Electronic Thesis and Dissertation Repository


Doctor of Philosophy




Dr. Charles Levine


Refugees resettling in new societies may be at greater risk of experiencing identity problems, such as identity distress, crisis and its resolution, than are their non-immigrant peers. However, the formation and resolution of identity in refugees and its relationship to their acculturation preferences have not been fully considered in mainstream identity theories and empirical studies. This study, first, explored identity (re)formation and resolution of fifty Karen refugees who were resettled in London, Canada. Fifty non-refugee Canadians served as comparisons. Secondly, the acculturation attitudes of Karen refugees were examined. Lastly, the relationship between identity and acculturation process was explored.

The findings concerning the identity factors studied revealed that the resettlement process impaired the sense of temporal sameness and continuity; promoted confusion and crisis in identity; prolonged identity resolution; and stimulated distress concerning social and personal identity issues (work, career, values, group loyalties) for the refugees who participated in this study. The factor analysis of acculturation data yielded three factors which indicated that the Karens had diverse orientations regarding “customs and values”, “social relations”, and “leisure activities.” Cluster analysis grouped these individuals into three segments: a segregated group, an integrated group, and an assimilated group. The assimilated Karens overwhelmingly endorsed Canadian values and customs and engaged in social relations and leisure activities with members of Canadian society. The segregated Karens clung to their old ways of life, values and practices. While open to change and willing to experiment with new leisure activities and social relations, Karens in the integration cluster preserved their values and customs.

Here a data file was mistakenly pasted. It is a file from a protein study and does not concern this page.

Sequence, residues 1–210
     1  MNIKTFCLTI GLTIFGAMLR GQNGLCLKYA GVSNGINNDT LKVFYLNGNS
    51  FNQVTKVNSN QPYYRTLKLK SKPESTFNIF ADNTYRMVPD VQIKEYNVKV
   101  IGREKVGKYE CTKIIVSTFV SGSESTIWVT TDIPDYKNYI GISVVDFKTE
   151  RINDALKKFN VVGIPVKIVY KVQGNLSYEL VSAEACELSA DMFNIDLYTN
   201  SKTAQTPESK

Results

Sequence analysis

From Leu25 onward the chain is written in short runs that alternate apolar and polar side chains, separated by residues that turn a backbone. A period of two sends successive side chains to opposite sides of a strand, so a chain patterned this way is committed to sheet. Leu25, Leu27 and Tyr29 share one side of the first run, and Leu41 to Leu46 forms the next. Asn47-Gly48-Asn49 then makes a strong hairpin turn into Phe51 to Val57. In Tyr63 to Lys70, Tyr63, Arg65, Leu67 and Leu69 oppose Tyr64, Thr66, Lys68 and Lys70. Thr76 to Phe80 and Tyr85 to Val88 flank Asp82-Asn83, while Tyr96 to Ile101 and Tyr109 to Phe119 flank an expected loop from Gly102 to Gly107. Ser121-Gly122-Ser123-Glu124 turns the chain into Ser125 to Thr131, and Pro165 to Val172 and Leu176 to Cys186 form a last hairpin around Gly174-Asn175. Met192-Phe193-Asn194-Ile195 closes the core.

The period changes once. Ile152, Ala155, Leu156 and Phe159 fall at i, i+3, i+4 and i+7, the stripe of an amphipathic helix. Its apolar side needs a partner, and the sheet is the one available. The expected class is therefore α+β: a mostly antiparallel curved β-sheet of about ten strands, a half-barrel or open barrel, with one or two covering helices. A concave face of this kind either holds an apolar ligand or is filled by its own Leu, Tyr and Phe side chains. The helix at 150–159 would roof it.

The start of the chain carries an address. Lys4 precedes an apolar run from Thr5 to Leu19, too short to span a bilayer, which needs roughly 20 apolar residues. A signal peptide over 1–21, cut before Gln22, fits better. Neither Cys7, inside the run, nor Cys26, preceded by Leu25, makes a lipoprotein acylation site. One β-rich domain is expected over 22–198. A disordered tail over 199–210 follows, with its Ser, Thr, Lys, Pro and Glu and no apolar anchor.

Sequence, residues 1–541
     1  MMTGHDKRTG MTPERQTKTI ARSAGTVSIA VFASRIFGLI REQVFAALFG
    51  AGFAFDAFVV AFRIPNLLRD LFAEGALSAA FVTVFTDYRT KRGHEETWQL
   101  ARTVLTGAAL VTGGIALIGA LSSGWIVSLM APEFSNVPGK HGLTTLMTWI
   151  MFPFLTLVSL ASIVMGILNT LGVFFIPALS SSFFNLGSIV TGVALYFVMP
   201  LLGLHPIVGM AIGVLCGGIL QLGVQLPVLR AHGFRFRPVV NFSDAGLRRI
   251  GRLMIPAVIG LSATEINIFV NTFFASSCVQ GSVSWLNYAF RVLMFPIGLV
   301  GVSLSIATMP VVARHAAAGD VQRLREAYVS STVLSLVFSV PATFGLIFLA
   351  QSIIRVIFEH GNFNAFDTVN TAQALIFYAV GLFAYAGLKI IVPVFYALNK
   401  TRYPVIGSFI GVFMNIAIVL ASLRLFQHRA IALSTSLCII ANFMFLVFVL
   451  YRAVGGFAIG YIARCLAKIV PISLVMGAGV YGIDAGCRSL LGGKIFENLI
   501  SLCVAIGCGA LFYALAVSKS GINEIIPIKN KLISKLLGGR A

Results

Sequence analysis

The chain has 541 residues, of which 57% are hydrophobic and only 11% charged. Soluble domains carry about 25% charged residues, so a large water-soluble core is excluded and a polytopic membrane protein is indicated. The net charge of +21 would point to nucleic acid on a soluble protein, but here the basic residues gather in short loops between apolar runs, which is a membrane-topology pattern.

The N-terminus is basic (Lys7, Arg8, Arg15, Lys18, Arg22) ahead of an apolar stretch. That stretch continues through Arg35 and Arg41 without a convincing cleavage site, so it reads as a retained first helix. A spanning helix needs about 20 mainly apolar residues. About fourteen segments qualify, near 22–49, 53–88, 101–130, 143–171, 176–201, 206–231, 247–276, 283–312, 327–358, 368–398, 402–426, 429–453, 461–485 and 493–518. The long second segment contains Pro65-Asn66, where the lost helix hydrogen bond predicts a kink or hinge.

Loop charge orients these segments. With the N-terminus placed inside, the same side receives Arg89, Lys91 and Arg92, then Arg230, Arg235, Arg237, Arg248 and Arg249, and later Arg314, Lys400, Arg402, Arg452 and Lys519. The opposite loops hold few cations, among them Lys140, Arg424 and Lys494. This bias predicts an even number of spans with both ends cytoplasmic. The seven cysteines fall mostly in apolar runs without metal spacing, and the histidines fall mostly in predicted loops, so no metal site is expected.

The regression analysis testing the impact of identity, mental health, and demographic factors on the acculturation strategies of Karen refugees indicated that poor identity and mental health results were significantly related to negative acculturation strategies, such as segregation.

Consistent with its theoretical orientation and hypotheses, this study found that identity resolution and mental health were significant predictors of acculturation. This study also highlighted the fact that concerns about work were paramount for refugees. Improving newcomers’ access to education and the job market appears to be a key factor in enabling positive acculturation strategies, such as integration and assimilation.